What We’ve Been Up To  0:01:22

(Aaron – Christopher Robin)
(Both – recap of bracket picks)

Gladiator  Review –  0:15:29

The Connecting Point – 1:25:29


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Music: Going Higher – Bensound.com

Support us on Patreon & get awesome rewards:

or you can support us through Paypal as well. Select the link below and make your one-time or recurring contribution.

Rate/Review us on iTunes and on your podcast app of choice! It helps bring us exposure so that we can get more people involved in the conversation. Thank you!

Minisode 47: Interview with Director Gus Van Sant and Actress Beth Ditto of Don’t Worry, He Won’t Get Far on Foot

Aaron recently had the opportunity to share an interview of Gus Van Sant and Beth Ditto with John from the About to Review podcast. We discuss Gus’ latest film, Don’t Worry, He Won’t Get Far on Foot, as well as many unique topics brought up by our always interesting guests. This interview is spoiler-free. Enjoy, and be sure to check out John’s podcast when you’re done!


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Music: Going Higher – Bensound.com

Support us on Patreon & get awesome rewards:

or you can support us through Paypal as well. Select the link below and make your one-time or recurring contribution.

Rate/Review us on iTunes and on your podcast app of choice! It helps bring us exposure so that we can get more people involved in the conversation. Thank you!

What We Learned This Week: June 10-16

LESSON #1: STATISTICS DON’T LIE, SO WHAT ARE WE GOING TO DO ABOUT IT— Riding the wave of examination and expansion for equality in the film industry, the Annenberg Inclusion Initiative from USC revealed the results of a very telling data study that examined the demographics of movie critics.  To no surprise to anyone paying attention, 78% of the reviews written on Rotten Tomatoes were done by white males.  The news of that data ignited plenty of torches and hushed excuses. At an awards show, Oscar-winning actress Brie Larson spoke wonderfully on those statistics, how they do not reflect the movie-going population, how critical exposure matters (just ask Colin Trevorrow or the notion further expanded by this strong piece in The Lily by Monica Castillo), and how some films are made for certain audiences beyond white males and that fair and matching reviews are needed.  She wasn’t a bit wrong, and I say that as a white male movie critic myself. There is room for more and room for better. The questions become what steps can be made to create a better balance.  One encouraging example is seeing both the Sundance and Toronto Film Festivals designate 20% of their press credential assignments to minorities. We can’t grow film critics on trees, but we can look deeper into the forest and grant more opportunities in that way.  That said, this is still a competitive field and talent still wins. If a minority critic can earn those gets and those publishing spots, more power to them. Competition raises everyone’s game.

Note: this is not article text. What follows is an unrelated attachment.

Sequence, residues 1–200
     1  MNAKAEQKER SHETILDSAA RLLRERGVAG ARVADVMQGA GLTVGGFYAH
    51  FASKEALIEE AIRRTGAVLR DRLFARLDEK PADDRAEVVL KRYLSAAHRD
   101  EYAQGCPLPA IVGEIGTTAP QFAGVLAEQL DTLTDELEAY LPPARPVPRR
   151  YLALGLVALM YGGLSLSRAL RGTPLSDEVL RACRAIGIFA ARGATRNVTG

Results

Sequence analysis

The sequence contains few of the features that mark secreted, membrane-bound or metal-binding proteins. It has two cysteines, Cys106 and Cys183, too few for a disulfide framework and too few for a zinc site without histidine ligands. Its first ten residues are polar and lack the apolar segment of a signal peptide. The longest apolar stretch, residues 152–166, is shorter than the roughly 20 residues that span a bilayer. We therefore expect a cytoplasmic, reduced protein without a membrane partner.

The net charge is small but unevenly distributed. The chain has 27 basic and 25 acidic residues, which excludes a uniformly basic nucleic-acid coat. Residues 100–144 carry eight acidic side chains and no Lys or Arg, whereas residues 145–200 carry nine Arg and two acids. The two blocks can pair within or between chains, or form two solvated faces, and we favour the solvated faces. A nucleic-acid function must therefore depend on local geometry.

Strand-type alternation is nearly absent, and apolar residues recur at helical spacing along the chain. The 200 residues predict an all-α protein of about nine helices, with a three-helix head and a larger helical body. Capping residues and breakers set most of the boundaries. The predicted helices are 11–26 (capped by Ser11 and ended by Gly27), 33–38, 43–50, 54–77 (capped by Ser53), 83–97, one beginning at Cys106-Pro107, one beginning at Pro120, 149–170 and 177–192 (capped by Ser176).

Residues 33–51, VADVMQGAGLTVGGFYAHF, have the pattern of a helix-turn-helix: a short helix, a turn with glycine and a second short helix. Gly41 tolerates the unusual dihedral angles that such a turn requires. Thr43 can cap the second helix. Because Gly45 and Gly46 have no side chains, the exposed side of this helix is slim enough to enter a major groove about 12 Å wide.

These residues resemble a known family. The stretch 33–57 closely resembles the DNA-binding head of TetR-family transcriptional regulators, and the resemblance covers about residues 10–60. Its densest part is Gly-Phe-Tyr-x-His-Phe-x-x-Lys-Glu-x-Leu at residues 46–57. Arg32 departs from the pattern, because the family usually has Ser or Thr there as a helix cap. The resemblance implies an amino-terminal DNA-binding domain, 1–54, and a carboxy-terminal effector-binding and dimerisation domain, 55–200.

LESSON #2: WHETHER WE LIKE IT OR NOT, MOVIES ARE A BUSINESS FIRST AND AN ART EXPOSITION SECOND— First Reformed star and upcoming Blaze director Ethan Hawke appeared and spoke at the Seattle International Film Festival accepting their annual Outstanding Achievement in Cinema award.  The buzziest outcome of that was his quote that movies are “an art form that’s completely eaten by business.”  I know this sparked a lively discussion in the Feelin’ Film Discussion Group on Facebook this week.  This longing for the art to shine over the monetary success comes up often and the wording of my lesson title is my usual reply to that topic or question.  From the day they started charging for tickets to see these things called movies, it was always from then on going to be about the business.  Once people made livings and livelihoods out of participating in this art form, those roots were going nowhere and now they’ve inflated to the millions and billions of dollars pumping through movies.  I know I’ve reached a point as both a mature movie fan and also an experienced consumer (make no mistake, we are all both) where I’ve become more selective with what I’m going to spend my money on and also more appreciative when I encounter something that stands out as the art form underneath the profit potential.  If we, as a collective movie-going public, ever needed to rebel against the business end to demand better from the art standpoint, the only way to do that is hit the industry in the wallet where it counts.  Don’t give garbage your money and every dollar given to a deserving piece of cinematic art supports their cause and future careers.  Indulge in this entertainment with that mindfulness and you’ll be a better viewer.